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Café Freda's

Restaurants Darlinghurst
Cafe Freda's
Photograph: Supplied/Nikki To
Cafe Freda's
Photograph: Supplied/Nikki To
Cafe Freda's
Photograph: Supplied/Nikki To
Cafe Freda's
Photograph: Supplied/Nikki To
Cafe Freda's
Photograph: Supplied/Nikki To

Time Out says

Oxford Street is home to a new culinary free spirit that might just herald a new dawn for Sydney’s nightlife

No, Oxford Street is not the glittering party parade it once was, but are these the nascent buds of a nightlife renaissance we see popping up on Taylor Square? There’s something distinctly European in spirit about the scattering of tables filling the footpath outside Café Freda’s, the smiling faces sipping Aperol Spritzes and eating oysters and tomato salads sweetened with slice of yellow peach, warmed with chilli oil and sporting the mysterious, aromatic sharpness of fennel seed and fresh tarragon.

If you clocked any time on the Freda’s dance floor when it was a warehouse art and party bar in the wilds of Chippendale you might struggle to recognize her in this new glow-up.  But rest assured, the best bits came with her to a new home in one of the best people-watching locations in the city. She still loves art, which is why every three months they’re going to rotate what’s hung on the big pink wall to the left of the bar like a miniature gallery. The full-sized art experience will be happening in the gallery space next door, which will host exhibitions and events – it's slated to open in late March.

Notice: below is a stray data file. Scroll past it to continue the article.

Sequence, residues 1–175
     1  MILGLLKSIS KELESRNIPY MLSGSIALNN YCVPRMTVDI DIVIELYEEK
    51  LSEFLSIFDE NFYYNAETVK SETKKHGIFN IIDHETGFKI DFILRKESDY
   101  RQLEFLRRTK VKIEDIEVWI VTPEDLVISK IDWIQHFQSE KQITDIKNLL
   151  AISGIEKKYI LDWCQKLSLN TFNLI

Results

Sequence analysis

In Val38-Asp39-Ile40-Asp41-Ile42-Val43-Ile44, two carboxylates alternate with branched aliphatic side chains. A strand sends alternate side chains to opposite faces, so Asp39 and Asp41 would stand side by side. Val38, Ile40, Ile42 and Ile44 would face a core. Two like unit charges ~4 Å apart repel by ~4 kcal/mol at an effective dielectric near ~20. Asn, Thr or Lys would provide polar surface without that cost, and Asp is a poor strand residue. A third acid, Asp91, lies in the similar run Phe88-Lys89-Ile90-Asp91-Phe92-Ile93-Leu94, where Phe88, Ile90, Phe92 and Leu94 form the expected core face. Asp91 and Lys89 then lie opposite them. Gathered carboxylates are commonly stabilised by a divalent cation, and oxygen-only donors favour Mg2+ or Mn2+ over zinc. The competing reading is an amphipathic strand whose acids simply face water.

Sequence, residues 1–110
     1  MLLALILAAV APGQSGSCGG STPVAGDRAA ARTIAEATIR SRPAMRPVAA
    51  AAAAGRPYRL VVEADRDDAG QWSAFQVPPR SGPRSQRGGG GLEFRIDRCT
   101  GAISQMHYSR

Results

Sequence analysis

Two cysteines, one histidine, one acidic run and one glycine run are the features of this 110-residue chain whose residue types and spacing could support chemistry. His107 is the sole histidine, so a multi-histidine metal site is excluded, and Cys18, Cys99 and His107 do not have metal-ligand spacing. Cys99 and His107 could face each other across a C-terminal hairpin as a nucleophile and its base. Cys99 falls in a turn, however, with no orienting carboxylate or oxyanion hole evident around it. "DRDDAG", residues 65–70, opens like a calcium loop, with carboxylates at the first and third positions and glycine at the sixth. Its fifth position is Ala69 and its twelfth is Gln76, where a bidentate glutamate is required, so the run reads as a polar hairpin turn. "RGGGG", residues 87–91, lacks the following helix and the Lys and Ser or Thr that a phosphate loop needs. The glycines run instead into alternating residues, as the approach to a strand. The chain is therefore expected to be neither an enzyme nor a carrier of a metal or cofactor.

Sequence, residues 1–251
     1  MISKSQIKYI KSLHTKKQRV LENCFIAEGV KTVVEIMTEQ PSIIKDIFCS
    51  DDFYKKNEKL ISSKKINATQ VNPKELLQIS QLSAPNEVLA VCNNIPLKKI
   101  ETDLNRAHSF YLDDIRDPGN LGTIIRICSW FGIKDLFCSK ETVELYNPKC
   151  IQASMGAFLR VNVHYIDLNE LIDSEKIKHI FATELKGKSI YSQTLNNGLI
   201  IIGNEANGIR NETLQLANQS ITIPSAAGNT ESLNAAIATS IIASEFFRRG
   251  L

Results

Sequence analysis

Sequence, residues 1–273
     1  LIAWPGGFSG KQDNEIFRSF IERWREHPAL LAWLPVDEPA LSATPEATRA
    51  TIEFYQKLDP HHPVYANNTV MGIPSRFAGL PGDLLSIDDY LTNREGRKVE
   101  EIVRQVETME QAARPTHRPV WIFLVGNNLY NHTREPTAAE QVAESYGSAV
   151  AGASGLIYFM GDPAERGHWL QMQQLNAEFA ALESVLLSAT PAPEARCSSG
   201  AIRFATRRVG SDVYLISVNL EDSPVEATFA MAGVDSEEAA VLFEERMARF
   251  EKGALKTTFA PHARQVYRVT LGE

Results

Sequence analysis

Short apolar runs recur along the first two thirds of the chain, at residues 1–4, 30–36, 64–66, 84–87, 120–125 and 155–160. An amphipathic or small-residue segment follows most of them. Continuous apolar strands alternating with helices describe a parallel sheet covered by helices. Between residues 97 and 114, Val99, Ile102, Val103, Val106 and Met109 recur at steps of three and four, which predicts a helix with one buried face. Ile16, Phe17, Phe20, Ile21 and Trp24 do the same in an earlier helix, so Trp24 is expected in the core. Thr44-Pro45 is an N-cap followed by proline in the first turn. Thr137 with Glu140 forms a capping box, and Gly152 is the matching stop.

Right now the music is staying at a comfortable, conversational level, but owner David Abram brought the sound system that used to power Italian disco nights to the new digs. In the near future, there might be scope for a little boogie when the hour gets late, who knows. 

Abram wanted the new venue to be an amalgamation of the Freda’s template – inviting, warm, and tactile, with art and design at the core of the approach – but adjusted for a new life stage: one that is fond of a drink, a snack and some good conversation. On the new crack team is sommelier Darcy Creenaune Ellis, who has put a whole lot of peak Sydney drinking on the list, like the Patsy fiano from Minim that's a refreshing zap of natty texture.

Shepherding a menu that's like free verse for food is head chef Xinyi Lin, who didn’t head back to New York during the ‘great indoors’ and instead sent out sourdough starter kits, supplied ready-made meals from her kitchen and then signed up for Café Freda’s where her creations – from a tomato salad to a raft of sourdough toast topped with velvety soft eggplant and a Bunnings barbecue worth of charred onion, to  a pandan panna cotta – are already social media stars in their own right.

Currently, the menu only seats 76 people so you absolutely need to book a table for lunch or dinner – you might get lucky and slide in between meals for oysters, some bread and fancy butter, or a sweet little plate of rainbow pickles in the form of a pink egg, white anchovies, and green cucumbers, peppers and tomato. 

Taylor Square has always had the potential to be a gathering place, not just a landmark, but we needed venues like Café Freda’s to give us somewhere we wanted to stay. The secret involves food that is delicious, local and unpredictable; drinks as varied as a house party chilly bin (yes, VB tinnies. Also yes, Champagne); a default setting of inclusion, right down to the Indigenous place names on the wine list; and a package lined in pink paint with a butter yellow shell and the exact striped awnings featured in your Berlin wine bar daydreams. There’s no better vibe in Sydney right now.


Address: 191-195 Oxford Street
Opening hours: Wed-Thu 4pm-midnight; Fri-Sun noon-midnight
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